Catching Up with Raymond Camahort, PhD
By Jessica Johns Pool
With his restless curiosity, Ray Camahort fits right in with many others who have been predoctoral researchers at the Stowers Institute. What has not been so typical is his career path after graduation.
During his graduate training, Camahort had an inkling a professorship was not in his future and he started to explore possible careers outside of academia. While enrolled in the doctoral program at the University of Kansas and completing degree requirements in the lab of Jennifer Gerton, PhD, he interned at the Kansas City Police Department Crime Lab. As he recalls, DNA testing was not nearly as thrilling as portrayed on the television show CSI: Crime Scene Investigation.
After completing the PhD program, Camahort moved to Harvard University to pursue postdoctoral training. During this time, he was a teaching fellow for a couple of semesters, and although he enjoyed teaching, Camahort felt he still hadn’t found his niche.
While completing a National Institutes of Health postdoctoral fellowship in medicine at Harvard, Camahort did an internship in embryology at the Fertility Center of New England, and an internship in business development at Partners HealthCare Research Ventures and Licensing, which commercializes inventions and treatments developed in labs at Brigham and Women’s Hospital and Massachusetts General Hospital. The business development internship gave Camahort a window into the commercial side of science and it intrigued him.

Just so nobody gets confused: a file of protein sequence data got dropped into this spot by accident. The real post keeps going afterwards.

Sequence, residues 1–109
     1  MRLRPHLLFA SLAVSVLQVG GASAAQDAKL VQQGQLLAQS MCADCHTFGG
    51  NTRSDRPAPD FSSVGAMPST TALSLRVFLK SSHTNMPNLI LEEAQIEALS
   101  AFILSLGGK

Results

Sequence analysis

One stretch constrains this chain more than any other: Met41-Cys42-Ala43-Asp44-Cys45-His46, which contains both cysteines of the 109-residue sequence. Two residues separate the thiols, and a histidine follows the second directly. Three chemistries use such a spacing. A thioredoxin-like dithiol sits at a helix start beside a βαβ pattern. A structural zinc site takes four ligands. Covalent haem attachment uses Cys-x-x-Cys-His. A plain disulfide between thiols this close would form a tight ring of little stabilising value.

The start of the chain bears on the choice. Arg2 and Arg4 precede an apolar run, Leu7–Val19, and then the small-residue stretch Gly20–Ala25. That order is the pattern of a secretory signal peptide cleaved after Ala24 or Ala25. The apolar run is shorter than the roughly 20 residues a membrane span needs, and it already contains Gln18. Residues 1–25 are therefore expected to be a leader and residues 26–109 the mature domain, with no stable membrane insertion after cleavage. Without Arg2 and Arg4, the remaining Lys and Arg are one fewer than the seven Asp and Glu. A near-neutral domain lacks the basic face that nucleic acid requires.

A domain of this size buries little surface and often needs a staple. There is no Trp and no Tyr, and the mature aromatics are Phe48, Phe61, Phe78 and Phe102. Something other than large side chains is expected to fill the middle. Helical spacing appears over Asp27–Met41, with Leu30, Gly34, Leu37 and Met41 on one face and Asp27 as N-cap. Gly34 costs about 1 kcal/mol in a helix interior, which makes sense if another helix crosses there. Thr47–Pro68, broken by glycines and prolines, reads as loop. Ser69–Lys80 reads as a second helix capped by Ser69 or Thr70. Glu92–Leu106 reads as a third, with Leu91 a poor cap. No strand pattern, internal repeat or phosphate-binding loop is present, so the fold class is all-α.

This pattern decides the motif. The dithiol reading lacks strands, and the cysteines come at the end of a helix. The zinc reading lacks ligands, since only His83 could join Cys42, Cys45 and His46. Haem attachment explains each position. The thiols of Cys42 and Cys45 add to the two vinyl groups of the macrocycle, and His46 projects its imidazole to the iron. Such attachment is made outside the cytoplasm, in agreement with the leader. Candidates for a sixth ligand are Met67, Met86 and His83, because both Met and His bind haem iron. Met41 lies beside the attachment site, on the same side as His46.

“Moving out of academia and into the commercial side of science isn’t unusual in the Boston area,” says Camahort. “At the Stowers Institute, I was frequently thinking outside the academic box. All of those internships helped me hone what I really liked about a career in science.”
Camahort joined Novo Ventures (US) Inc., a life sciences venture capital firm in Cambridge, Massachusetts, in 2015. Now, he uses his ten-plus years of combined research and business development experience to assess the potential of companies bringing new drugs or medical devices to the market.
“I perform diligence for new investments for companies trying to raise money for clinical trials or to launch a new treatment,” says Camahort. “I read more papers now than I ever did as a predoc or postdoc. In a nutshell, when you’re in a lab, you are digging deeply into one topic. Now it’s much more broad. I dig into many things.”
Camahort stays in touch with his former colleagues at the Institute including his mentor, Investigator Jennifer Gerton, PhD, and Stowers alumni who pass through Boston. In fact, he recently helped a former Stowers colleague move into a new Boston-area home.
Camahort credits the Institute with deepening his love of science and his desire to stay in the field, even if he didn’t remain in basic science research.
“The Stowers Institute doesn’t put any limits on your creativity or your scientific pursuit,” recalls Camahort. “They have the resources to allow you to do what it takes for top-notch work. That kind of freedom and the collaborative environment is unique.”
For young scientists just beginning their career journey, Camahort recommends they consider career options outside the research lab. “Every day I use what I learned in the lab. The scientific context of my work now is translational and commercial, rather than basic discovery, but it’s just as interesting.”